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80078

Discussion in 'Steam Traction' started by Steve1015, Oct 25, 2012.

  1. houghtonga

    houghtonga Member

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    These are all arguments I have seen before - many of us remember "Britannia" leaving the SVR, "Duke of Gloucester" and 61264 leaving the GCR etc. We have even seen the inverse situation of the Furness Railway society being asked to leave Haverthwaite. Its a difficult job for normal commercial companies to maintain steady relationships for long periods of time, let alone groups formed of passionate enthusiast persuing their dreams. All these organisations have survived and very often locos they have lost have been replaced by some they have gained.

    There are only a few railways with a gauge larger than 15" than own all their own locos and don't have to deal with any owner groups or individuals, however the recent fuss over the Welshpool Resita loco shows that sometimes it just swaps painfull external politics for painfull internal politics instead - so they grass is not alway greener.

    *Talyllyn Railway
    *Welshpool & Llanfair Light Railway
    *Isle of Man Railway
    *Isle of Wight Railway (do they own the Ivatts?)
    *Snowdon Mountain Railway
    *Llanberis Lake Railway (if you discount Una's occaisional steamings from the neighbouring museum)
    *Torbay & Dartmouth Railway

    (Vale of Rheidol and Brecon Mountain have private locos owned by the respective railway owners).
     
  2. martin butler

    martin butler Part of the furniture

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    Fully agree, No way can it be healthy to have to be at the behest of one owning group, or person, they can always hire out their engines on the open market but its not as easy for the Swanage railway to hire in replacements, Ideally, Swanage railway should have purchased an engine or attracted other owners, well before now, if as has been stated the swanage railway wanted 80078 to be overhauled, but instead SLL started on 34072, selling 80078, then the relationship between the two groups will fall apart , so Swanage railway should start planning now for a future that doesnt include SLL
     
  3. gwalkeriow

    gwalkeriow Well-Known Member

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    I can confirm that yes the Isle of Wight do own the Ivatts, including 46447 which will be going to the East Somerset Railway on loan. The only item that is not owned by railway is the NRM owned LBSCR Van
     
  4. lil Bear

    lil Bear Part of the furniture

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    There are a couple of Pannier Tanks on the market at the moment... Wonder how popular that idea will be down the Red Lion!
     
  5. Spamcan81

    Spamcan81 Nat Pres stalwart

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    And locos move away from and then back to their "home railway." (4)5231 went from the GCR to the NVR and back again and 34081 going NVR - NNR - NVR are but two examples. Many things are seldom for ever.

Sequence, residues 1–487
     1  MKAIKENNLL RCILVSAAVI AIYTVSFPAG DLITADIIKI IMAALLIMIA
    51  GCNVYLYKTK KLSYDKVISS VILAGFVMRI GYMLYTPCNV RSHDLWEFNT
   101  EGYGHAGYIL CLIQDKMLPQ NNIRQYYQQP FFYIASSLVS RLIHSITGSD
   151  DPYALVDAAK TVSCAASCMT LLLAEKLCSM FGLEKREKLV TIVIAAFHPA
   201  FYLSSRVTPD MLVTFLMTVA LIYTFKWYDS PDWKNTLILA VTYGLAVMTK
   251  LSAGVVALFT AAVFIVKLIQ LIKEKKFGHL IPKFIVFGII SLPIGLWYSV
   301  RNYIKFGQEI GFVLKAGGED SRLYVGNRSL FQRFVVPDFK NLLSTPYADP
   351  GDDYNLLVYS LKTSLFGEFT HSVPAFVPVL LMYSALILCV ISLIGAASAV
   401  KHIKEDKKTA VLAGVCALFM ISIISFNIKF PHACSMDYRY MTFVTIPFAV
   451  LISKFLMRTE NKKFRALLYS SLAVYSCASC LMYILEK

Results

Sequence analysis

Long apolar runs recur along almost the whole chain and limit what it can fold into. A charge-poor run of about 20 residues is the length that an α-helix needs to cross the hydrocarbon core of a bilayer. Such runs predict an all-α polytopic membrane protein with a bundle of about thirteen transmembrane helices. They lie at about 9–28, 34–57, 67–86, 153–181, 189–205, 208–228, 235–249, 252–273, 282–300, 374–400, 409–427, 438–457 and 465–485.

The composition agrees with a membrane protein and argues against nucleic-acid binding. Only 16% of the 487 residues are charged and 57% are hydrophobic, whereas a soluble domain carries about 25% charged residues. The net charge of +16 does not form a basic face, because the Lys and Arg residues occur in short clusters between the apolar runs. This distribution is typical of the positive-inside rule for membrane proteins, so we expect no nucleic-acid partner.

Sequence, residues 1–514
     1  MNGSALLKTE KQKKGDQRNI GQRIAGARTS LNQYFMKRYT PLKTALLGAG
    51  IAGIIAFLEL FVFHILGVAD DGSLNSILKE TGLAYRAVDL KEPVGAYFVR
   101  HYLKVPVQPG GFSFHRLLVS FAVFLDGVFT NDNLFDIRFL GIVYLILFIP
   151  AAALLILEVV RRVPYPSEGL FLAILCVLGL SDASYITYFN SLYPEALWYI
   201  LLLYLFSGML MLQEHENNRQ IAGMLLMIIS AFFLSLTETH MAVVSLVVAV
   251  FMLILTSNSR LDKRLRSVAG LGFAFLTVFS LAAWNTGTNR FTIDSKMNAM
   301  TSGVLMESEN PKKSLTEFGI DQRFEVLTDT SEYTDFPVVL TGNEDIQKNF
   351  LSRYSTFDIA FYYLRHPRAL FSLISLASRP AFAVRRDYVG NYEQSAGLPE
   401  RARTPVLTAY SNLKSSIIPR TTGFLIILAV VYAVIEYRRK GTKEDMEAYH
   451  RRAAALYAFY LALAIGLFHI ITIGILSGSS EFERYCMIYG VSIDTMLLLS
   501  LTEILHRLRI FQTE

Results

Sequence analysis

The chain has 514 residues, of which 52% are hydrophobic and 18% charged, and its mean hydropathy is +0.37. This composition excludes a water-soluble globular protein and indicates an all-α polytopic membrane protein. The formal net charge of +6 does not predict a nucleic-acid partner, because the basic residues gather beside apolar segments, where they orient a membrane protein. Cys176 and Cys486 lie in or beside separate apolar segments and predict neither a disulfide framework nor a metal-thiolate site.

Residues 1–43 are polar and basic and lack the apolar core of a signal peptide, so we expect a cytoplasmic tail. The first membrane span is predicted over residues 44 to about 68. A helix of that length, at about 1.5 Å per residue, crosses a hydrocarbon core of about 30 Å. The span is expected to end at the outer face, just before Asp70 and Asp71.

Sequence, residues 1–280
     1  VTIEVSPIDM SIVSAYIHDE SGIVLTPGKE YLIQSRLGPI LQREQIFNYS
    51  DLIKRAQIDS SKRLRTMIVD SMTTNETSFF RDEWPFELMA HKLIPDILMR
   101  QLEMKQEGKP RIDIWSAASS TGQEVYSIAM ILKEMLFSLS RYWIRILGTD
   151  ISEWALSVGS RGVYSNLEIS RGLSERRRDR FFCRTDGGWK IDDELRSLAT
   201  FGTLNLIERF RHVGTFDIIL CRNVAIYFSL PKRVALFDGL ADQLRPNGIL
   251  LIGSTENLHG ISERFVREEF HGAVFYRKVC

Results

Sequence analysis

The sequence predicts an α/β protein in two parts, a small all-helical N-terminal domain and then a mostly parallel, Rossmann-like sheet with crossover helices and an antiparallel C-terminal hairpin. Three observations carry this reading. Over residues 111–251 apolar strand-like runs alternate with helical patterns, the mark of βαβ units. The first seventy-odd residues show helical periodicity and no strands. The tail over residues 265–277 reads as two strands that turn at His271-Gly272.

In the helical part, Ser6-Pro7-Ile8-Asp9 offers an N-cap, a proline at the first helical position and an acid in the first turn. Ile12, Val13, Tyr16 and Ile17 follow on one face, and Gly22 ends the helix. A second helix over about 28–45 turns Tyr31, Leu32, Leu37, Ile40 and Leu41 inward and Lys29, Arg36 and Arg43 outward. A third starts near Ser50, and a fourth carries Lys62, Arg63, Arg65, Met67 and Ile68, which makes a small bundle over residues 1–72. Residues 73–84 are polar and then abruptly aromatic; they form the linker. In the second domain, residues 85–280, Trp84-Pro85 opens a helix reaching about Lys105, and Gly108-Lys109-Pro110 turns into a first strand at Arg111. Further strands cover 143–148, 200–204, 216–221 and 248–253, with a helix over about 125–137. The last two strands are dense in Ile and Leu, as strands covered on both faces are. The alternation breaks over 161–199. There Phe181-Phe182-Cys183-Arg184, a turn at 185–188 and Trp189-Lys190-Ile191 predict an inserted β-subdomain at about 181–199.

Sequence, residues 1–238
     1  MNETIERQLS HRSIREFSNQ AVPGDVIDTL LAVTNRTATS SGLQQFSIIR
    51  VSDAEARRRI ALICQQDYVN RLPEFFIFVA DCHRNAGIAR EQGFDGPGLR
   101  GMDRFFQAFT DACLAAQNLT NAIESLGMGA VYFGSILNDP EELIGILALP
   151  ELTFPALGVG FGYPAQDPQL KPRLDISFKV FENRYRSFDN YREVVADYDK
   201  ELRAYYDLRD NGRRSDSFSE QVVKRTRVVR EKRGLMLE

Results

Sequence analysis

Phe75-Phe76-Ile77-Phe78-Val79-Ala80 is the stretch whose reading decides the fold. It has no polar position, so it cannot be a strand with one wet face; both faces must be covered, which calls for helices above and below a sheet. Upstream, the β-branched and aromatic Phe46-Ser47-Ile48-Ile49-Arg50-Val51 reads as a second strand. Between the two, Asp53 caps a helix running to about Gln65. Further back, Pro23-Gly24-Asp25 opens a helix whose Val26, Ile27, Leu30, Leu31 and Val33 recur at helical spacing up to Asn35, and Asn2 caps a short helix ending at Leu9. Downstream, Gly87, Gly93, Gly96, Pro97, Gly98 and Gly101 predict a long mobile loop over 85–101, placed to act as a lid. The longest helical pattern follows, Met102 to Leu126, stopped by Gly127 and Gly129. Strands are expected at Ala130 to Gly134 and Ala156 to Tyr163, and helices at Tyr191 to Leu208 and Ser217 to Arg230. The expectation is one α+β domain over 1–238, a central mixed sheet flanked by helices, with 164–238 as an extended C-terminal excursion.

6. ADB968008

    ADB968008 Guest

    There could be a number of southern 2-6-0's looking for a home in a few years... Maybe MHR's loss will be Swanage's gain ? Who knows maybe SLL may move its bulleids to MHR who knows whatever the future holds.

    At the end of the day it's only an engine.. It moves by design.. If one moves away one day.. It could always come back another.
     
  7. paulhitch

    paulhitch Guest

    urther

    Gareth's point here cannot be overemphasised. Along with failing to get a grip on the issue of re-boilerings, heritage railways, more particularly standard gauge ones, have made scant progress towards securing unity of ownership of the equipment they use.

    Yes indeed there are always internal squabbles. However the existence of a multiplicity of landowning, equipment owning and railway operating organisations within an umbrella of what seems to outsiders a single entity has the potential of multiplying such squabbles by the number of such satellite bodies.

    The "deal" between Haven Street and Cranmore shows just what can be done with a unified structure. It will also bring about a further re-boilering. More please!

    Paul H.
     
  8. Spamcan81

    Spamcan81 Nat Pres stalwart

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    In many ways it suits a railway to use locos owned by others on a "pay as you go" basis. Most locos seldom earn sufficient steaming fees to fund an overhaul and are subsidised by other fund raising activities by the owning group. In these cases the railway has got the loco for much less than the "going rate." If the railway owns the loco then they bear the whole cost of ownership which can be a lot more expensive than 10 year's worth of hire fees. Both scenarios have their merit though and it is up to individual railways to decide which approach is best for them.
     
  9. Jamessquared

    Jamessquared Nat Pres stalwart